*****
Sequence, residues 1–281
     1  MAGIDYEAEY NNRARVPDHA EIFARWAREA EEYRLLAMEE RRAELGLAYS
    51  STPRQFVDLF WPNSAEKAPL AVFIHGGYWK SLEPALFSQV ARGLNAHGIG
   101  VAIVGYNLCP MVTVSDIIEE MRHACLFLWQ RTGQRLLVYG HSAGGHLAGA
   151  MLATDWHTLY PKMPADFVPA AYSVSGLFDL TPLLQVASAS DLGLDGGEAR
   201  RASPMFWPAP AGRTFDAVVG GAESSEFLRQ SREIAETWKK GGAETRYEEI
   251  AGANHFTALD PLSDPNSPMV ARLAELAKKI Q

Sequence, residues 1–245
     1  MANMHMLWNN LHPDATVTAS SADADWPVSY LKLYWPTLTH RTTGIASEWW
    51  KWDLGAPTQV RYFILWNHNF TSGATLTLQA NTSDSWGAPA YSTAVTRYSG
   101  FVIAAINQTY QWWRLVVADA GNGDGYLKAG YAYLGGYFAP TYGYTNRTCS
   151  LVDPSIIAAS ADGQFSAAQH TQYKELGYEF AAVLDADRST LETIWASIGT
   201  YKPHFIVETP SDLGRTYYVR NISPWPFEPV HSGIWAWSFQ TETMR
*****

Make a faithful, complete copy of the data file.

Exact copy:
Sequence, residues 1–281
     1  MAGIDYEAEY NNRARVPDHA EIFARWAREA EEYRLLAMEE RRAELGLAYS
    51  STPRQFVDLF WPNSAEKAPL AVFIHGGYWK SLEPALFSQV ARGLNAHGIG
   101  VAIVGYNLCP MVTVSDIIEE MRHACLFLWQ RTGQRLLVYG HSAGGHLAGA
   151  MLATDWHTLY PKMPADFVPA AYSVSGLFDL TPLLQVASAS DLGLDGGEAR
   201  RASPMFWPAP AGRTFDAVVG GAESSEFLRQ SREIAETWKK GGAETRYEEI
   251  AGANHFTALD PLSDPNSPMV ARLAELAKKI Q

Sequence, residues 1–245
     1  MANMHMLWNN LHPDATVTAS SADADWPVSY LKLYWPTLTH RTTGIASEWW
    51  KWDLGAPTQV RYFILWNHNF TSGATLTLQA NTSDSWGAPA YSTAVTRYSG
   101  FVIAAINQTY QWWRLVVADA GNGDGYLKAG YAYLGGYFAP TYGYTNRTCS
   151  LVDPSIIAAS ADGQFSAAQH TQYKELGYEF AAVLDADRST LETIWASIGT
   201  YKPHFIVETP SDLGRTYYVR NISPWPFEPV HSGIWAWSFQ TETMR